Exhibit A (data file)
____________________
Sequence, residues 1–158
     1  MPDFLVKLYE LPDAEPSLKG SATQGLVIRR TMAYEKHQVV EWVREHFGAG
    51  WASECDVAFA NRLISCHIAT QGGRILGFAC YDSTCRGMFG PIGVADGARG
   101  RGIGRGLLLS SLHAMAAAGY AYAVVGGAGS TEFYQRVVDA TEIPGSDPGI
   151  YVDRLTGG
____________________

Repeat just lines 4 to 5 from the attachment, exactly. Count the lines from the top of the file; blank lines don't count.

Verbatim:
   101  RGIGRGLLLS SLHAMAAAGY AYAVVGGAGS TEFYQRVVDA TEIPGSDPGI
   151  YVDRLTGG